Make no mistake, by throwing out the accusation of promotion of “violence” against Palestine activist and solidarity movements so lightly, UCLA administration is complicit in stoking the flames of Islamophobia and racism that have recently become even more normalized at the governmental level and that has seen a spike in racist vigilante violence against Muslims (or anyone presumed to be Muslim). As such, the administration’s attempts to shut down the conference through such blatantly racist and Islamophobic rhetoric cannot be disentangled from the actual physical threats of violence conference attendees also faced. As NSJP’s own statement asserts,
“In an effort to suppress our work for Palestinian rights, organizations, groups, and individuals that support Israel have engaged in a hateful and targeted harassment campaign against our members on social media. We have even received death threats.”
For all of this, we are proud of our ability to persevere in spite of seemingly insurmountable odds. Over 550 students, speakers, artists and organizers attended to learn about “Radical Hope: Resistance in the Face of Adversity”, making it the largest student conference focused on the Palestinian struggle to date. No matter how severe the opposition was, scores of attendees came and learned about the Palestinian plight, and that is something that no resolution, no administrative critique and no disruption will ever be able to take away.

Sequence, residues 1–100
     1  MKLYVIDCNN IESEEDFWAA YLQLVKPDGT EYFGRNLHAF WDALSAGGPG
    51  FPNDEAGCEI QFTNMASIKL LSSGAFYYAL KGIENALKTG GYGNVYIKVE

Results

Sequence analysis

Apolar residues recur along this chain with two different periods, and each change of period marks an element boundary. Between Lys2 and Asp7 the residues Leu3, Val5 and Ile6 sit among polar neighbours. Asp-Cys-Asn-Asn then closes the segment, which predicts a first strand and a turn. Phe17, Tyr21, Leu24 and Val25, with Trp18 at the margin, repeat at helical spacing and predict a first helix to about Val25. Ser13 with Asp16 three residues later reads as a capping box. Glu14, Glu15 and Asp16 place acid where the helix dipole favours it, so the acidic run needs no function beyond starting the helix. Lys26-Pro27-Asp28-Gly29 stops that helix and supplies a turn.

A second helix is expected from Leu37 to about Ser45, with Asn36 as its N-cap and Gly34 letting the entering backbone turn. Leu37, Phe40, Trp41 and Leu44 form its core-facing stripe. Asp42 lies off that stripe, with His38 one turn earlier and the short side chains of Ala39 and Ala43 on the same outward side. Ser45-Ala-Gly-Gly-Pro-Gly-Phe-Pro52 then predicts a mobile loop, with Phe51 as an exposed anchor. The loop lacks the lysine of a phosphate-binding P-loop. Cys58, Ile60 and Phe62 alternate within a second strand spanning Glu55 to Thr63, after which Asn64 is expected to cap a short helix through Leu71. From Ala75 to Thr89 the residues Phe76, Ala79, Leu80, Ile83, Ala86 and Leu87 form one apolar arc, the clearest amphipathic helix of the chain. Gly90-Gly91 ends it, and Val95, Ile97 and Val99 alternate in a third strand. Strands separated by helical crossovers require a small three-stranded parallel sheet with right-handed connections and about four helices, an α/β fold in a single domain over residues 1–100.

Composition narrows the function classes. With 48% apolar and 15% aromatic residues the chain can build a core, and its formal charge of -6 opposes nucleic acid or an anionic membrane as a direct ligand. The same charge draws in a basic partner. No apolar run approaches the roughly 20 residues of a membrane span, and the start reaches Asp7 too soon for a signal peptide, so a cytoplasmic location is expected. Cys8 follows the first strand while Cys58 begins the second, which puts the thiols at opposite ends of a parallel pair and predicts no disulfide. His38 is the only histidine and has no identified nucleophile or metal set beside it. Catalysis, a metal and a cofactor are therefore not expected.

We further recognize that the colonization of Palestine does not end at the Palestinian homeland. The Zionist colonial project also necessitates the complete erasure and stamping out of any expression of Palestinian history and culture, not to mention the rightfulness of the Palestinian struggle for justice and freedom. But as Palestinians continue to struggle heroically in the homeland and the world over against such erasure and repression, so too will we continue to take heart. We reject the UCLA administration and the Los Angeles City Council’s attempts to stigmatize and silence us, but we also reject their power over our ability to push forward, no matter the cost. As Dr. Rabab Abdelhadi often remarks, Palestine is a cause about “the indivisibility of justice.” And no repression, no matter from what level, can ever slow the surging momentum of justice.
Whatever we are told, however we are further demonized and slandered, we assert that the Palestinian struggle is a righteous one, and that all of Palestine and its people will be free.
National Students for Justice in Palestine (NSJP) and the Palestinian Youth Movement (PYM)
Al-Awda: The Palestine Right to Return Coalition
US Palestinian Community Network (USPCN)
Graduate Students for Justice in Palestine, UCLA (GSJP)
Jewish Voice for Peace, Los Angeles (JVP – LA)
Campaign to TAKE ON HATE
American Muslims for Palestine (AMP)
American Arab Anti-Discrimination Committee (ADC)
AF3IRM, Los Angeles
Jewish Voice For Peace, New York City (JVP-NYC).